Day 34 – Yoga Challenge

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Part of our Yoga Challenge requires us to read and research yoga topics. Ali looks at modern and historical representations of YOGINĪS.

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A yoginī is term used for a female Yoga master. Although she may have a well-established physical practice, yoginīs are often devoted to mystical and spiritual yoga practices.

In spiritual contexts, yoginīs are  devoted to the principle of the Divine Feminine and are regarded living receptacles of Goddess energy (shakti). This abundant energy allows living yoginīs to act as intermediaries between the supernatural agency of Goddesses and yogic/ tantric practioners.

Tantric texts of the Kaula cult depict sixty-four semi-divine Yoginīs, belonging to four anthropomorphic categories: beneficent, wrathful, birdlike, or animal-faced.

Although it is not well documented in popular literature, many yoga postures (āsanas) share symbolism with the ‘mounts’ that yoginīs stand on.  The Sixty-Four Yogini Temple at Hirapur, Odisha has yoginīs dancing on different animals, such a camel (uṣṭrāsana), cobra (bhujaṅgāsana), frog (bhekāsana), and corpse (śavāsana). These are also popular yoga poses.


As veteran Yoga teachers, yoginīs endeavours to pass on their insights and life experiences to pupils. Experienced yoginīs also have an intimate knowledge of Tantric rituals, and can give teachings on sacred sexuality. In addition, yoginīs may conduct special meditation retreats and empowerment ceremonies.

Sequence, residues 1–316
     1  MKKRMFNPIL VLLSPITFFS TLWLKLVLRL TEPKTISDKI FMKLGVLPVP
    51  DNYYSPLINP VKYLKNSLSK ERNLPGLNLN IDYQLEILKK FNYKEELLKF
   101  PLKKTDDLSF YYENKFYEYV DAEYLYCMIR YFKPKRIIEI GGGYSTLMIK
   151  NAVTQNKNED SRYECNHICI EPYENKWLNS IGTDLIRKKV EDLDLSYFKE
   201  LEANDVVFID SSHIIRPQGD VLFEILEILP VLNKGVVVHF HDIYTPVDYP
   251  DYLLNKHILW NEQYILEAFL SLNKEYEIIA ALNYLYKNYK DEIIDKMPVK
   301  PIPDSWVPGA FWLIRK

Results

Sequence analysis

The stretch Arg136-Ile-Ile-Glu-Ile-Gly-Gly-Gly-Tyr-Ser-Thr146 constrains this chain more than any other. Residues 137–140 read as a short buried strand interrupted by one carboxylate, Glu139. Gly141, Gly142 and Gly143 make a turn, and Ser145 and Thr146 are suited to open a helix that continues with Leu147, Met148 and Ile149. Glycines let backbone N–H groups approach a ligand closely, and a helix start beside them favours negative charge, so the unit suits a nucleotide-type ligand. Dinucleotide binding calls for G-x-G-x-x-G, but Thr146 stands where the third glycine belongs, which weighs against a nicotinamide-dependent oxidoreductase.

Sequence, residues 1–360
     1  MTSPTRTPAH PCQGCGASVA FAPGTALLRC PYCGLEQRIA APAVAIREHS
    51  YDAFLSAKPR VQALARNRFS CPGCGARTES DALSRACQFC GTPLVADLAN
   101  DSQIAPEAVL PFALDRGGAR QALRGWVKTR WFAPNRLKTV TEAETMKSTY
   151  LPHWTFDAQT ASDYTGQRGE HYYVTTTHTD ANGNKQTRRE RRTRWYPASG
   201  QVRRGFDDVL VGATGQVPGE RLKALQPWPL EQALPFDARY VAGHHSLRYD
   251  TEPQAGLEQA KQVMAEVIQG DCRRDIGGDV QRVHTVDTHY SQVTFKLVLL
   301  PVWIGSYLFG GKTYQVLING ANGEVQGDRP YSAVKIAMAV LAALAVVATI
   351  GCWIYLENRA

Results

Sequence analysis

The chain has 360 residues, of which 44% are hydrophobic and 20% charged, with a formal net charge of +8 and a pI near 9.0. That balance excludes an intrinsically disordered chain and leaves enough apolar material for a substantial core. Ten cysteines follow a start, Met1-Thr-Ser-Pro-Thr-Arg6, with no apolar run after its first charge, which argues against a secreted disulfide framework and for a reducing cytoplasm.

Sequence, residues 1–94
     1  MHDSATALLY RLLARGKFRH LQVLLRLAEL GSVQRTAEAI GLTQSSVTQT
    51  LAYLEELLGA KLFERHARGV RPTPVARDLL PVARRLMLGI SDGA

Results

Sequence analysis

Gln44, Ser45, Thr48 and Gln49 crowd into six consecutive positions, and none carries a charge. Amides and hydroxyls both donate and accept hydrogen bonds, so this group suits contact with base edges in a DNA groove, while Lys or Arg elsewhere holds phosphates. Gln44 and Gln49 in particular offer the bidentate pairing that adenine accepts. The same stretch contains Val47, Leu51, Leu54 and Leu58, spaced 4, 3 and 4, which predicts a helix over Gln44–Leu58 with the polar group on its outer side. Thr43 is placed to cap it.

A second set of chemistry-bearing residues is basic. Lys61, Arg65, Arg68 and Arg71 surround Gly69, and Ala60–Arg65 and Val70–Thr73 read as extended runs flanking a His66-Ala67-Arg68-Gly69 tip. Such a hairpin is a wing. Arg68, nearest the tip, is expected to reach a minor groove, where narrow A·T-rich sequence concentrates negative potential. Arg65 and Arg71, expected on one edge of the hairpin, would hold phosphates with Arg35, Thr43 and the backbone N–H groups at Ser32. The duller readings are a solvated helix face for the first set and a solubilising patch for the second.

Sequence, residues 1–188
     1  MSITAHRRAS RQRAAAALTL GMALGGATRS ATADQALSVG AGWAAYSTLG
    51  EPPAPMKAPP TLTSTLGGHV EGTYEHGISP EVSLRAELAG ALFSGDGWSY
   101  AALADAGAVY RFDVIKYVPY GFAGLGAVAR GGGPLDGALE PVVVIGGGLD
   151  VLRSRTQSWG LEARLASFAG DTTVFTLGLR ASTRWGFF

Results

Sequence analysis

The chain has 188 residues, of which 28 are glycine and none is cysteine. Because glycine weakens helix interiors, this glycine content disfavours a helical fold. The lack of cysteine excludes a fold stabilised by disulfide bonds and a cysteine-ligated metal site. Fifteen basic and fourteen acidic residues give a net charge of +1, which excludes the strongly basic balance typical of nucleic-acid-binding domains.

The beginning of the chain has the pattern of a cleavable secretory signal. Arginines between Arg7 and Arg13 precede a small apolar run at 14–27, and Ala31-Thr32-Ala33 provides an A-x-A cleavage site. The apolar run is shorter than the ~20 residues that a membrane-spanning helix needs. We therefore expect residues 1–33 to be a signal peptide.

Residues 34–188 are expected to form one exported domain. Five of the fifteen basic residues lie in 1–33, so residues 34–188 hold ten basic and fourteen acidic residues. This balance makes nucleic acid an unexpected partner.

Yoginīs transcend the limitations of social constructs. She may be fierce and wrathful, and will have no hesitation challenging untruths and deception.

The yoginī works outside of the confines Western social norms, Hindu Orthodoxy, and misogynist traditions, which have often stereotyped  yoginīs as devouring, sexually promiscuous women interested in occult practices.

While yoginīs may have knowledge of natural magic and weather spells,  this is not of primary interest.


As a living embodiment of Shaki, yoginīs are multi-faceted beings. A yoginī is a women who has raised her Kuṇḍalini, and has an in-depth knowledge of the cakra system. Some  yoginīs have psychic abilities, special powers (siddhis), and can predict the future. In this regard the yoginī may also be a shaman and a healer.

Yoginīs will often spend time visiting Yogini temples, making offerings at the feet of fierce deities such as Chamunda, Durga and Maha Kali.

Some yoginī temples in India are circular, roofless sanctuaries, such as the Sixty-Four Yogini Temple at Hirapur, Odisha. Other yoginī temples in Nepal have natural thermal energy and surrounded by nature. All yoginī temples have a special power within them.

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For further information on Yoginis please read Ali’s essay titled:

Matsyendranāth: Champion of the Yoginīs

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